GE is developing new superhydrophobic coatings that allow turbines to keep pumping out energy in sub-zero temperatures. As Arctic temperatures again begin to engulf nearly every corner of the United States this week, places not typically exposed to extreme cold are learning to adapt on the fly. Snow brings many transportation difficulties, but for the wind power industry, it’s actually frost and ice that present the biggest challenges. When a winter storm strikes a wind farm and coats massive turbine blades in a thick layer of ice, operations grind to a halt. This is bad news for GE and its wind turbine customers. Taking a cue from the naturally hydrophobic lotus plant, researchers are creating new coatings that will help turbines shed ice the way plants shed rain.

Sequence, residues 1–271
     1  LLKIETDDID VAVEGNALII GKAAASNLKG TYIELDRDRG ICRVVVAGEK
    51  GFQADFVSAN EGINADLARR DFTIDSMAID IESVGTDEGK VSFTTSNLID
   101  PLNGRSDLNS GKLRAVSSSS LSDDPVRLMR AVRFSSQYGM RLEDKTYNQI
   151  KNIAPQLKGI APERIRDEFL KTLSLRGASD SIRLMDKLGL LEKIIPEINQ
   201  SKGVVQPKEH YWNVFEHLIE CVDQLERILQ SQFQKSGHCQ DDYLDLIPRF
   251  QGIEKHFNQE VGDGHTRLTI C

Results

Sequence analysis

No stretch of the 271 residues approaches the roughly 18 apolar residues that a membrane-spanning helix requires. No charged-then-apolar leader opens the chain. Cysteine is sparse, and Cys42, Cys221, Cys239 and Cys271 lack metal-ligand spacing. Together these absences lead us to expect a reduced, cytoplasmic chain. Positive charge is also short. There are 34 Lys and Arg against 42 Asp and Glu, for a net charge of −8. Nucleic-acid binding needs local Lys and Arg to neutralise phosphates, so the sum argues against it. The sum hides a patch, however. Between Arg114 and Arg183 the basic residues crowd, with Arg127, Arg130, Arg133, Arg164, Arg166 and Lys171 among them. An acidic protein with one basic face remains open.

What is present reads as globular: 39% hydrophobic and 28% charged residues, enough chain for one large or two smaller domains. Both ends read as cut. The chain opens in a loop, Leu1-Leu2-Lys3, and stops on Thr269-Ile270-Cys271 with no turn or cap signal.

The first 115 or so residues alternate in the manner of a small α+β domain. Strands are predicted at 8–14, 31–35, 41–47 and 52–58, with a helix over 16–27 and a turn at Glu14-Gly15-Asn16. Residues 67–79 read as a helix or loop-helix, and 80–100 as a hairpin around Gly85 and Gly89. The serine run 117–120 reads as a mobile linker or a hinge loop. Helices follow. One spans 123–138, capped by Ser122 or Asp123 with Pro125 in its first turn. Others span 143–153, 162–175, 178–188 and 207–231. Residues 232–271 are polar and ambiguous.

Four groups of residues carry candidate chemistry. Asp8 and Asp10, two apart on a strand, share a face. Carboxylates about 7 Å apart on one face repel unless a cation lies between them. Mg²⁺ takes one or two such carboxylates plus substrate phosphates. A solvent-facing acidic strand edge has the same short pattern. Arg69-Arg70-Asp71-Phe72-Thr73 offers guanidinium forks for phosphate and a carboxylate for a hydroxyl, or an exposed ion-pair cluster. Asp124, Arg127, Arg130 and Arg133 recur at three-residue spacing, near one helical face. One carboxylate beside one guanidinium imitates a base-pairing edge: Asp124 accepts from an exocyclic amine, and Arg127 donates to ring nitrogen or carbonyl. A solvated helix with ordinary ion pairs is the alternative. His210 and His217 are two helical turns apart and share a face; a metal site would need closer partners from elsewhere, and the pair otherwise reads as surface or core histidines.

In 2010, wind farms in Minnesota suffered embarrassment in the local media when it was reported that extreme cold had completely halted power generation. At the time, it was found that although special hydraulic fluid designed for colder temperatures was used in the turbines, it failed to work, so officials had to find a contractor that could rig a gas generator to heat up the fluid. In turn, this drastically reduced the net energy gain from each turbine.
GE scientists say that by preventing water droplets from spreading out over the surface of a wind turbine blade or tower, the hydrophobic technology could serve as a permanent, passive de-icing alternative for wind farm operators. Currently, when ice builds up on the surface of a turbine, operators must waste additional energy to heat the blades or continually reapply chemical de-icing agents.